• Ensure you have seats assigned well in advance. This perhaps should be #1 on the list of advice, but whether you are traveling by yourself or with a companion, make sure you have selected your seats in advance to make them as good as possible. When flying with a baby by yourself you will probably want the aisle or window seat, and with a companion you will want to make sure you are seated next to each other if possible. While I am a fan of a getting your toddler their own seat even if they aren’t yet two years old, whether or not that is actually helpful with a six month old is much murkier. I know my own six month old would likely scream uncontrollably if she were seated in her car seat next to me instead of in my arms (just as she does in the car).

Chilling before take-off

  • Bring a nursing pillow or baby carrier if you wish.  While it probably looks kind of funny lugging it around the airport, I still enjoy flying with my boppy for my six month old as it makes holding her in a nursing position for a couple of hours much more comfortable for both of us. Alternatively, you could also consider putting your baby in a carrier if they like, though technically this is not permitted on takeoff/landing/etc.
  • Have back-up clothes, diapers, bottles, etc.  Since you never know when a quick two hour flight can turn into four hours or more on the plane thanks to unexpected delays, bring extra essential supplies in your carry-on. A large ziploc bag is also always a good thing to have on-hand in case you need to discard of any unpleasant items…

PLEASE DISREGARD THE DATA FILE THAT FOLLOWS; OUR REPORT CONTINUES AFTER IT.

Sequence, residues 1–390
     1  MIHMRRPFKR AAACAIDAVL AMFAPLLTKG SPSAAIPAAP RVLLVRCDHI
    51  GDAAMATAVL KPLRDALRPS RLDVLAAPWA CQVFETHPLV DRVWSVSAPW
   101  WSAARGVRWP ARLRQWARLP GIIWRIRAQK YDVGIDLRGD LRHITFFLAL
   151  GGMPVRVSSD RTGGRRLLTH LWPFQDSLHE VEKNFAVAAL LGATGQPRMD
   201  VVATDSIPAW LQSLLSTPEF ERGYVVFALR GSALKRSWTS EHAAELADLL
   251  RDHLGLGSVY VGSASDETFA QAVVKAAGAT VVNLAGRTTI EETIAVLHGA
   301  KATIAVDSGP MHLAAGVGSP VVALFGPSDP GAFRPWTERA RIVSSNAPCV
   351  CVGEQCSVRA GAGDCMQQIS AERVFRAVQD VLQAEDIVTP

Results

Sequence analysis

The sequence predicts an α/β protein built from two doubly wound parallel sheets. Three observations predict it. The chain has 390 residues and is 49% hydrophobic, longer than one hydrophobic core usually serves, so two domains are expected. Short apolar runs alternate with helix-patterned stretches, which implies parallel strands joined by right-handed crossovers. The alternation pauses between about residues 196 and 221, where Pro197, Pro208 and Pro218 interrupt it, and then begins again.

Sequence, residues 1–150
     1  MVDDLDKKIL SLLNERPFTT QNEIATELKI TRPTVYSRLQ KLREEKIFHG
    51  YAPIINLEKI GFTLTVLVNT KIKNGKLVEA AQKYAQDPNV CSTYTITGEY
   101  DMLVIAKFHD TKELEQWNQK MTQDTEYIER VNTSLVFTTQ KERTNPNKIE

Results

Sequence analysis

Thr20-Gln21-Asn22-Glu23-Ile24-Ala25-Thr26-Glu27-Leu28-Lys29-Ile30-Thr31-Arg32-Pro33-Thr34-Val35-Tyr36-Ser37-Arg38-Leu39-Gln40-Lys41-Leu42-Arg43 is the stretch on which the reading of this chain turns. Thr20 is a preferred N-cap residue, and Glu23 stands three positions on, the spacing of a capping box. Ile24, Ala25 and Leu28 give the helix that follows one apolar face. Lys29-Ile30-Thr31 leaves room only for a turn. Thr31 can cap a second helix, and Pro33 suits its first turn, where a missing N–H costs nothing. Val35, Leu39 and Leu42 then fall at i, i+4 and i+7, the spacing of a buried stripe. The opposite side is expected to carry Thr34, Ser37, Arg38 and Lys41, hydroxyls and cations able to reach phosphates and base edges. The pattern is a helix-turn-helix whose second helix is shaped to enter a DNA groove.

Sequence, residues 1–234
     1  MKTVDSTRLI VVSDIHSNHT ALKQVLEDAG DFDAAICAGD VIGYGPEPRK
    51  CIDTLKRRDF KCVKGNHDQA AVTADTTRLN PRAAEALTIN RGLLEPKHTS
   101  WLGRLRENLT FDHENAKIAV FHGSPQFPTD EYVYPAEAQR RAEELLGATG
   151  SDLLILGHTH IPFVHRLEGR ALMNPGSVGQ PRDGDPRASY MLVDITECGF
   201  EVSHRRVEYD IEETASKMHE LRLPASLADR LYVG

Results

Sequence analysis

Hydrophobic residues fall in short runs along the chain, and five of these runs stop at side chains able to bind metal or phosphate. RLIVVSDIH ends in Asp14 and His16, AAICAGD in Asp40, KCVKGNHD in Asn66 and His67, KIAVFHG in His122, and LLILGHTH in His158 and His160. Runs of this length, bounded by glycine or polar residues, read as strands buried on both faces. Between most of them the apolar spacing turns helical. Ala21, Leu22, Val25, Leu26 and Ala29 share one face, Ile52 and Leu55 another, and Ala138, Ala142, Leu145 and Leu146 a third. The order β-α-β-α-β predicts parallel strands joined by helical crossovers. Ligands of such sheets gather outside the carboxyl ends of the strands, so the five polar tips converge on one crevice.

• Have something to document their age on hand if flying as a lap baby. If you are flying internationally, you will need a passport for your baby, but even domestically you will want at least a birth record to document their age of being under two years old if they are flying as a lap infant. Most airlines won’t really ask for this with a baby that obviously appears to be under two, but some, like Southwest, have a reputation for needing proof of age for every lap child regardless of how young they appear.
Fun times flying with a six month old

Fun times flying with a six month old

While you never know when your six month old will temporarily lose their cool, it is actually generally a very good age for air travel. At this age babies generally have settled into a predictable rhythm, still nap and enjoy nursing or bottles, can be distracted with toys for a few minutes, but aren’t yet in that fully mobile stage that is looming right around the corner.

Have you flown with your six month old?  What tips worked for your family?